NewsPublic Affairs / May 1, 2018

Messer Discusses Issues In Bruising Senate Primary

Indiana Public Broadcasting’s Brandon Smith talked with U.S. Rep. Luke Messer about issues in the bruising GOP primary campaign.Luke Messer, 2018 May primary2018-05-01T00:00:00-04:00
Original story from   IPBS-RJC

Article origination IPBS-RJC
Messer Discusses Issues In Bruising Senate Primary

Rep. Luke Messer (R-Greensburg) is one of three Republicans vying to unseat incumbent Sen. Joe Donnelly (D-Ind.)

Tyler Lake/WTIU

Three Republican candidates are jockeying for a chance to unseat Democratic incumbent Senator Joe Donnelly this year. Luke Messer joined that race after serving in Congress since 2013 – with a few years at the Statehouse on his resume before that. Indiana Public Broadcasting’s Brandon Smith talked with Messer about issues in the bruising GOP primary campaign.

Brandon Smith: I want to jump right in. The topic lately that’s mattered a lot to a lot of Hoosiers, particularly Hoosier farmers, is this issue of tariffs and a potential trade war. What do you say to Hoosier farmers about how they’re going to deal with what President Donald Trump is doing?

Rep. Luke Messer: Well listen, first, the Hoosier farmers I talk to appreciate President Trump’s leadership and they understand that we’ve been in a trade war with China for some time. China has been at war with us – they steal our intellectual property, they treat our products unfairly, they manipulate their currency. And so Hoosier farmers appreciate the president’s leadership. They are of course understandably worried about some of China’s threats of bullying our agricultural products. And so the details of how we roll this out over time will be important. But I trust the president to implement it in a way that’s good for Hoosier farmers.

Smith: Speaking of the president, obviously you and Mr. Rokita and Mr. Braun are all doing your best to align yourselves with President Trump, to say, you know, ‘If you want somebody who supports President Trump, send me to the Senate.’ Are you worried about tying yourself so closely to someone who can be so unpredictable?

Messer: The vast majority of Hoosiers support this president’s policies. And I can tell you as I travel the state, people appreciate this president’s policies, they feel like he’s under fire – unfairly much – from the national media. And they care, frankly, a whole lot more about the substance of this president’s policies than they do the style of his tweets.

Smith: Perhaps the signature achievement so far of the Trump administration has been the federal tax bill. Are you worried that the average Hoosier won’t be seeing enough in their paycheck that they’re going to hold you accountable for that?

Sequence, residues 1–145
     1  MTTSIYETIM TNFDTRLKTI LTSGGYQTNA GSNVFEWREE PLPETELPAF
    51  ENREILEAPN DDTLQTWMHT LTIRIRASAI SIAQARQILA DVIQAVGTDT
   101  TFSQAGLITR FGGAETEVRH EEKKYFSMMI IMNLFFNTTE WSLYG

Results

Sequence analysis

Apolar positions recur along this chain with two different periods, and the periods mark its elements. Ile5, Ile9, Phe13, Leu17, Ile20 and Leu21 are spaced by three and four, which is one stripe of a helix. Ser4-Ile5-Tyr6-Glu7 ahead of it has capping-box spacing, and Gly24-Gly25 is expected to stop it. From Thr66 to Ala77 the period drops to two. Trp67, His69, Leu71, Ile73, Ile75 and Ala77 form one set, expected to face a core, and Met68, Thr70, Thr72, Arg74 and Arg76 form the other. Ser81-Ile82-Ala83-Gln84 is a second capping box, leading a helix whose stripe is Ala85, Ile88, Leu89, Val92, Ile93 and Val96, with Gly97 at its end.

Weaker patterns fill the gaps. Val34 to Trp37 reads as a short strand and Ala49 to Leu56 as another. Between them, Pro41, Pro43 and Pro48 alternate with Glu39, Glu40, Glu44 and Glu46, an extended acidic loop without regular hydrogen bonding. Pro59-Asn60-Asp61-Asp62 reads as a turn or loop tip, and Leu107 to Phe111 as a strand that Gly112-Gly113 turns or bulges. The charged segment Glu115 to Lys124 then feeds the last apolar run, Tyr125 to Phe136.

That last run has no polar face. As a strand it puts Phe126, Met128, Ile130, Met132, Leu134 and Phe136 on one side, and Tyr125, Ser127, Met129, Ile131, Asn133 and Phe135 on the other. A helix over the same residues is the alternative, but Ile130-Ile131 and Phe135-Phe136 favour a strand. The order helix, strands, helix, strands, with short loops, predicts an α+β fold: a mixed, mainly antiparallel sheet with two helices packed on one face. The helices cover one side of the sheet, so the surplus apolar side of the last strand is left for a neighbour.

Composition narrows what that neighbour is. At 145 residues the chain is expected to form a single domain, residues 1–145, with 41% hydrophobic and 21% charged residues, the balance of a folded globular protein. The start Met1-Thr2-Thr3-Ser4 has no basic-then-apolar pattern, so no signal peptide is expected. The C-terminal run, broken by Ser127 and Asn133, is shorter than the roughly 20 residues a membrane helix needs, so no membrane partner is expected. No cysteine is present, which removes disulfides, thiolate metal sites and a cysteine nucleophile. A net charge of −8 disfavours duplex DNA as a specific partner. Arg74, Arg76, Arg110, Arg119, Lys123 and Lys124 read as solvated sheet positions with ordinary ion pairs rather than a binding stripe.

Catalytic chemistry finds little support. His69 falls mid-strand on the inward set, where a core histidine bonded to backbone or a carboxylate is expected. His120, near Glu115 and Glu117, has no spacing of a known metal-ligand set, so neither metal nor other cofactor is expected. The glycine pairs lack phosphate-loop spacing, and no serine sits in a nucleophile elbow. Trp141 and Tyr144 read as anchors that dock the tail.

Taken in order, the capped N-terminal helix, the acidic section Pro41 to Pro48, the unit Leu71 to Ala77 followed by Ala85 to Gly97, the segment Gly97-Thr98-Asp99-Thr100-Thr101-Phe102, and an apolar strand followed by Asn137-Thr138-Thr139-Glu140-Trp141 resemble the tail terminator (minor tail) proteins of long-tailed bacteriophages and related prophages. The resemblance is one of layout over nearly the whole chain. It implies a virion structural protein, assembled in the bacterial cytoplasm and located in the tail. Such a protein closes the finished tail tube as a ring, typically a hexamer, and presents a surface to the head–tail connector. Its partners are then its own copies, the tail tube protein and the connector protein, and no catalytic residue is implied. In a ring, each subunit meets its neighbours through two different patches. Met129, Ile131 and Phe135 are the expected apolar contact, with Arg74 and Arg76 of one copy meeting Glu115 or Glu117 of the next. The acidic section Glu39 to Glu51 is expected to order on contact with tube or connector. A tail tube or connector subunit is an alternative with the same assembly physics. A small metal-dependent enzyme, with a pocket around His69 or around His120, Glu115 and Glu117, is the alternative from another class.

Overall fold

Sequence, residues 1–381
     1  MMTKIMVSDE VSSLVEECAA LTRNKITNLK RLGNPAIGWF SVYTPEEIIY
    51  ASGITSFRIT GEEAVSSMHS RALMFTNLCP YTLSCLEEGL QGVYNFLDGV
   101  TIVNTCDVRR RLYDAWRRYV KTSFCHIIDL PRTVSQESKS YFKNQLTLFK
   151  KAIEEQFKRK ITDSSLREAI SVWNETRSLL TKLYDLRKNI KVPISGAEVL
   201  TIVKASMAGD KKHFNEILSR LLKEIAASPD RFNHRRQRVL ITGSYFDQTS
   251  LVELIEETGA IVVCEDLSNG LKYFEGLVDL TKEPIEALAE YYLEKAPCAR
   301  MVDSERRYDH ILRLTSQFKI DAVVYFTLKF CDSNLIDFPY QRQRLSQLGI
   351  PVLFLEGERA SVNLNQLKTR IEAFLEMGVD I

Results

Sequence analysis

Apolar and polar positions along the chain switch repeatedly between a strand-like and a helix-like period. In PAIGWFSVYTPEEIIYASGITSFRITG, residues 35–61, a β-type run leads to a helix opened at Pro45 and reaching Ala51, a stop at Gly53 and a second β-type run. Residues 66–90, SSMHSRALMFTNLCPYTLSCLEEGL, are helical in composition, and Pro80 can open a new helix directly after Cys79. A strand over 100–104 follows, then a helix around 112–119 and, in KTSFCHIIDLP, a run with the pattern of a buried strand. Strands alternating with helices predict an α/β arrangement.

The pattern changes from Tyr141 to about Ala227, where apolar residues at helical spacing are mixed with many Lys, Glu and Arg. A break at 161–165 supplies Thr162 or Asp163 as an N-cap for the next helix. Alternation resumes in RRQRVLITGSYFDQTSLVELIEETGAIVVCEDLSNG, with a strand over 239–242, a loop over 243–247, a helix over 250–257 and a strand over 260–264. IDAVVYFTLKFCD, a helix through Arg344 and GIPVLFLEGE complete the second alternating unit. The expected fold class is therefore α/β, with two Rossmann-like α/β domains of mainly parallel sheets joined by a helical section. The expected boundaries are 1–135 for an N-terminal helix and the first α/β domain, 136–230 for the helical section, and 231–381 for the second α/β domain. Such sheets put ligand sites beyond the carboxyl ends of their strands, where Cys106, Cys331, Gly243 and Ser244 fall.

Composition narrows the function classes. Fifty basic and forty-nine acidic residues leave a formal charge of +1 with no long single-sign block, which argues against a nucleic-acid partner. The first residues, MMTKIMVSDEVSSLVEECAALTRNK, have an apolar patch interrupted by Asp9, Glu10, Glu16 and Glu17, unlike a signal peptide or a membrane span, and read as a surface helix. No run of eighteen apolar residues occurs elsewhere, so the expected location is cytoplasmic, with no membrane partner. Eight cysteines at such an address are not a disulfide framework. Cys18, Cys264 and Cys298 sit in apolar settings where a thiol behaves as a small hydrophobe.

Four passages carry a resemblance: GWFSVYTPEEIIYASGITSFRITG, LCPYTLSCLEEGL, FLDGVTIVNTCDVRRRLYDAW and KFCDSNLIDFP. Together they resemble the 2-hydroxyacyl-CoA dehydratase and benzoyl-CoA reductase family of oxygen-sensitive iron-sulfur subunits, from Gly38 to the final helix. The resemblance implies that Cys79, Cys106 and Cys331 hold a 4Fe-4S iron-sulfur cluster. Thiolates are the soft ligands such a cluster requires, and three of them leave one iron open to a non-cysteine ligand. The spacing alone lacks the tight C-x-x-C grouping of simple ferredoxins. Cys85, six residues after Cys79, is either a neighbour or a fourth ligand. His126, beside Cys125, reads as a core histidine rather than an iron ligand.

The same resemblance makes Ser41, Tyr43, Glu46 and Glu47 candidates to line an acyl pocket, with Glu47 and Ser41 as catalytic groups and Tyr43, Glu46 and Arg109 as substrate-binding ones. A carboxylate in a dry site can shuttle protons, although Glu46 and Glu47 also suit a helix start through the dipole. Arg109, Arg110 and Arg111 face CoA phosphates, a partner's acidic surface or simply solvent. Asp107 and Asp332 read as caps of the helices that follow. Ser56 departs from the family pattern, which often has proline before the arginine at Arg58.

Messer: Frankly, I think that’s just out of step with what I hear when I talk to working Hoosiers. Folks are seeing pay raises because the economy’s going better and there’s more competition for workers. Lots of folks have seen bonuses because their employers now have money to provide those bonuses. Folks are starting to see more money in their paycheck because the withholdings – even though the tax cuts don’t fully take effect until next year – the withholdings are bringing dollars into people’s paychecks. That’s what people care about. Listen, most Hoosiers are focused on their own life. They’re not worried about all that politics of envy that some on the left are trying to describe.

Smith: You’ve campaigned talking about deficits and how the burden we’re placing on future generations is going to be crushing. And yet the federal tax bill would add significantly to the deficit over time. Why are those two things compatible in your mind?

Messer: I just don’t believe those – the same actuaries that made the analysis you describe said that the deficit would go down under Obamacare. That didn’t happen.

Smith: Much has been made about your residency. You spend a lot of time living in Virginia with your family because you’ve said, repeatedly, your kids deserve a full-time dad. Are you worried that you simply don’t have enough time to devote to being a U.S. senator?

Messer: No, the only time I hear that concern is when it’s raised by folks that are trying to run against me in this primary campaign. I have hustled and worked hard over the last six years in a 19-county district, making sure that we’re present. I’m a lifetime Hoosier and somebody that also loves my kids and believes my kids need a full-time dad. And I am confident that I can serve the state of Indiana and also look out for family – as Dan Coats did, as Dan Quayle did, as Mike Pence did, and as I have over the course of the last six years in Congress.

Smith: This has been a bruising primary from all sides. Whoever wins, are you confident the party is going to be able to rally around the candidate?

Messer: Well I’m confident the party is going to be able to rally around the candidate because I believe I’m gonna be that candidate. I sincerely believe, when we get through this, because we’ve conducted our campaign with integrity, because we’ve been honest and stayed focused on the truth, we’re going to be in a strong position.

 

 

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